Editor’s note: Judy Dembsey, master gardener and member of the Acton Garden Club, has put together some gardening tips for April to help your garden be a success.
· Keep off the grass when the soil is wet to prevent compaction. It reduces the spaces available for oxygen, making it difficult for grass roots to grow. This will have negative consequences for the lawn when the weather gets hot and dry. Grass plants with reduced root systems struggle for survival under such stress.
· Be sure the lawn is dry before raking to remove branches, stones and other debris. Fertilize only if a late fall application was not made.
· Do not work your soil when it is wet, it will damage the soil structure. Use the squeeze test. Take a handful of soil and squeeze it. If the soil crumbles easily when you open your hand, it is ready to be dug. It is not ready if water comes out.
· Begin to edge beds and prepare for mulching. Check the depth of landscape mulches. Replenish before annual weeds begin to germinate. Mulches should be 2 to 4 inches deep, but not in contact with plants. It’s best to do it before plants emerge. Mulch may not be needed every year. A light top dressing may be adequate.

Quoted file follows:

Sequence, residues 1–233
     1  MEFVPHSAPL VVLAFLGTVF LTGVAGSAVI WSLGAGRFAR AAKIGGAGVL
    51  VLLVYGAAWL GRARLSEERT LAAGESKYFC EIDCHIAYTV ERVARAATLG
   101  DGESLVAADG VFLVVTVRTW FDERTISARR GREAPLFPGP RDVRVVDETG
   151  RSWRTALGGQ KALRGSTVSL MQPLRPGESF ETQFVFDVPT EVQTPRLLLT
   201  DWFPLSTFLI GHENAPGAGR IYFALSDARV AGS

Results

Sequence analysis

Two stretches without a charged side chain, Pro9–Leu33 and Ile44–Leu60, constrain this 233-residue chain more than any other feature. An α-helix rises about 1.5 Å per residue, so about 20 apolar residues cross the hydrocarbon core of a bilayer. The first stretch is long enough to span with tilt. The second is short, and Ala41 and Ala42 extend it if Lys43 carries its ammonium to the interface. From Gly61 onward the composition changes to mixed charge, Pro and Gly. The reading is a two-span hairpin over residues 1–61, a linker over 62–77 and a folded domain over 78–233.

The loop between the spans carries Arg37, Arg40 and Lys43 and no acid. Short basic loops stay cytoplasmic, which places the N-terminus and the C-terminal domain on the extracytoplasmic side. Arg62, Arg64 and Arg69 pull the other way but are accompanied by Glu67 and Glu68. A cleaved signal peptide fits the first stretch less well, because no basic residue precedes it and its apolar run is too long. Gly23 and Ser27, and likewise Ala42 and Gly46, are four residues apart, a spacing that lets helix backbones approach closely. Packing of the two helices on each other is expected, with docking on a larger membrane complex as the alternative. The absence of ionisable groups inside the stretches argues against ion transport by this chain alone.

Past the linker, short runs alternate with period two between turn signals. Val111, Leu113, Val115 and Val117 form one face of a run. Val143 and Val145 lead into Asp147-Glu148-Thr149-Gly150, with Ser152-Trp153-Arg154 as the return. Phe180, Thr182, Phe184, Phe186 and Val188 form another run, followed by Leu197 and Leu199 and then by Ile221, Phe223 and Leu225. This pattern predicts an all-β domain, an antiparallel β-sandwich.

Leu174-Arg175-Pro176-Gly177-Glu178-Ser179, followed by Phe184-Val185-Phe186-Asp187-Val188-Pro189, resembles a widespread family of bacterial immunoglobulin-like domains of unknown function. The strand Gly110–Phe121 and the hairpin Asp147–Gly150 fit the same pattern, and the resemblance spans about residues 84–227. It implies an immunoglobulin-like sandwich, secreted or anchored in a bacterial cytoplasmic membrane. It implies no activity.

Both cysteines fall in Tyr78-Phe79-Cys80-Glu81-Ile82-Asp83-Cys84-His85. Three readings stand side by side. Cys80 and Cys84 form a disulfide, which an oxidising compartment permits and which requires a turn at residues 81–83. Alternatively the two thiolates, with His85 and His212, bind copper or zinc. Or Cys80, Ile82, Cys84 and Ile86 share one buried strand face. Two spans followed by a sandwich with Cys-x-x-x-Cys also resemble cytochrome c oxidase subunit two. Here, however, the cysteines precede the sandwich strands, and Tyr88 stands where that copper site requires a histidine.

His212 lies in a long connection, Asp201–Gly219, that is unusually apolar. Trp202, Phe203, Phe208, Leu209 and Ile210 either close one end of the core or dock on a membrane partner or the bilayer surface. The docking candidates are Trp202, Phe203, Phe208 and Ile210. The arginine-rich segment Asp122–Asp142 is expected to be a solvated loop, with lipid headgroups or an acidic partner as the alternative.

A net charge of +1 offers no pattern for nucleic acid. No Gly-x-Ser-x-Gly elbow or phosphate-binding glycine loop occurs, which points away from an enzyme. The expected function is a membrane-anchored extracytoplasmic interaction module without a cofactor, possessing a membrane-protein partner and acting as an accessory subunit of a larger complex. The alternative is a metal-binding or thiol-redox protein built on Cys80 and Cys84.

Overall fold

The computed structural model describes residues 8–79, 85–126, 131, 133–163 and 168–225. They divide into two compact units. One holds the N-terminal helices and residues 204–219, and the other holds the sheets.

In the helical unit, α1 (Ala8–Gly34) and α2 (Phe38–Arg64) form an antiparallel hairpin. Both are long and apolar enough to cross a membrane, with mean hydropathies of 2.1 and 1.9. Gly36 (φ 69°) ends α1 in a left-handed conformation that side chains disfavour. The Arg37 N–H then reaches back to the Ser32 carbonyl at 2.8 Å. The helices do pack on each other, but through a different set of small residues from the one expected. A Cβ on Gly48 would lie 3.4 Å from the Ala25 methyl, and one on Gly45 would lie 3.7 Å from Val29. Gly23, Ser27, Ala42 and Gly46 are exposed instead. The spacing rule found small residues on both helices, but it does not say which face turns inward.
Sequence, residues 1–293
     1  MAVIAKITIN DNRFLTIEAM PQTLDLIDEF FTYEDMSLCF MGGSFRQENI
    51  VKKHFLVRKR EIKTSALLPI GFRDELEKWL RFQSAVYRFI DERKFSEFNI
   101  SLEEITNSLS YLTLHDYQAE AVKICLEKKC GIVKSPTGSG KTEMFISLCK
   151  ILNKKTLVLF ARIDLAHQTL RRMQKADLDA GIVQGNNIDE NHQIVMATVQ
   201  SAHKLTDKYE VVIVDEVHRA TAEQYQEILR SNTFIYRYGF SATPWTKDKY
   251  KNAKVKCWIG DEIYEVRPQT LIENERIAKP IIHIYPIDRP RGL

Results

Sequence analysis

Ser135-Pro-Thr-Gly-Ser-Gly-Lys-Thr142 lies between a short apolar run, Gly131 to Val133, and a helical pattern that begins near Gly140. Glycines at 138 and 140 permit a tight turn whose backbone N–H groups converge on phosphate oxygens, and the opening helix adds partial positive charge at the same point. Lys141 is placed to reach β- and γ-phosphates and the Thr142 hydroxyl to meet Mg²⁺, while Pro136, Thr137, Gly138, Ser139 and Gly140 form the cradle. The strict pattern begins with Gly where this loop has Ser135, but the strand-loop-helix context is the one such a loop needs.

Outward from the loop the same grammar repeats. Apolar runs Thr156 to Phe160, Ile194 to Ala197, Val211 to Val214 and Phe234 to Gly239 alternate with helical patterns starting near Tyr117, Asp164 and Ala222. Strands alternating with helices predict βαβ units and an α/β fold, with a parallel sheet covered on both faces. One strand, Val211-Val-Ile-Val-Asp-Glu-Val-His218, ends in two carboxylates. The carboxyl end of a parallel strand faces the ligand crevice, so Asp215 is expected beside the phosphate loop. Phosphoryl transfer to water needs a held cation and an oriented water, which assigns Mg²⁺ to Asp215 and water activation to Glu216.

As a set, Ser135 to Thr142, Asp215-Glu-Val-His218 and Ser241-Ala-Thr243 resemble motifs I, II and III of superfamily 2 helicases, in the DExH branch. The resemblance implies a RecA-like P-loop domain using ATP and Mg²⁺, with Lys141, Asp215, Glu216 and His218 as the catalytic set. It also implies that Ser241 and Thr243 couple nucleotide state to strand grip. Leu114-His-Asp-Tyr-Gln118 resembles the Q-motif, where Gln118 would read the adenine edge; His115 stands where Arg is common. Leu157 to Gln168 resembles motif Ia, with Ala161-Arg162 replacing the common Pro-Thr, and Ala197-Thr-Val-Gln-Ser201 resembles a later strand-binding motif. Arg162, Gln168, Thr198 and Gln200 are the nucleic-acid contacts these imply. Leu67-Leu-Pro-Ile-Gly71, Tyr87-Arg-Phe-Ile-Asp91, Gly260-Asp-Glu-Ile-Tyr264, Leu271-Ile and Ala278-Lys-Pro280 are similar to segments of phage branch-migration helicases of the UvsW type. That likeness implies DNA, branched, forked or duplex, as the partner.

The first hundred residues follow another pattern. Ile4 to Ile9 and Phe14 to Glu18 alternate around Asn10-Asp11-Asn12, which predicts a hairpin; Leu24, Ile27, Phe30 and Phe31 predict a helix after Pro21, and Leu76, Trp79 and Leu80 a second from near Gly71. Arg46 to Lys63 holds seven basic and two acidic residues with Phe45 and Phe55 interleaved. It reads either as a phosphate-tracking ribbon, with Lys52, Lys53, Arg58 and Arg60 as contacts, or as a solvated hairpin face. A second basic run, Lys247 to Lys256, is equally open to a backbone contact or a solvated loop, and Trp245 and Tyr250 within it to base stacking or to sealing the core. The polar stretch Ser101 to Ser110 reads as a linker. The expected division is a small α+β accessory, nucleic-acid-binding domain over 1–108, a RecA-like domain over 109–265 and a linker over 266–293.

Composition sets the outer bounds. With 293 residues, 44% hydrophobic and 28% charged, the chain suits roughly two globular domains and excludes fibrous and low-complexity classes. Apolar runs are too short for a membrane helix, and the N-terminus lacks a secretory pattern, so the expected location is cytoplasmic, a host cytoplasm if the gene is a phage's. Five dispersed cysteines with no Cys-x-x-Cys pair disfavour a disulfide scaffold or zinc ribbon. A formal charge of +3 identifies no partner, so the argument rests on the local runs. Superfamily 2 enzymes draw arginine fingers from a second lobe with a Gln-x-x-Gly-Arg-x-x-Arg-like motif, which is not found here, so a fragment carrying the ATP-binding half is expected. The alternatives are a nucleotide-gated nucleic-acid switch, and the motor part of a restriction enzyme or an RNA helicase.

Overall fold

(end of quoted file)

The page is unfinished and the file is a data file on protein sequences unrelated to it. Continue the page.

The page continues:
· Prune summer and fall flowering shrubs now. The appearance of Forsythia flowers is a good indicator. Prune: butterfly bush (Buddleia), smoke tree (Cotinus), Hydrangea ‘Annabelle’, beautyberry (Callicarpa), panicle Hydrangea, summersweet (Clethra), sweetspire (Itea) and Spirea.
· Hydrangeas that bloom on last year’s old wood should be pruned after flowering. Remove only dead stems at this time. Prune climbing Hydrangea and train to its vertical support. With spring flowering shrubs, wait until they have completed blooming.
· Prune out winter breakage as soon as seen. With broadleaf evergreens such as Rhododendron, boxwood, and holly, wait a month or two to see if the browned leaves will drop off and re-leaf naturally.
· Perennials to shear include anything left standing last fall. Cut back ornamental grass, sedum and carex. Give them a hard trim to the ground. Remove old Hellebore leaves, trim Epimedium and last year’s fern fronds before new growth begins. Cut back any vinca or ivy browned by harsh winter winds, but leave browned rhododendron alone for now and prune after blooming.
· If you decide a rose or a shrub needs to be transplanted, April is a good time before they leaf-out.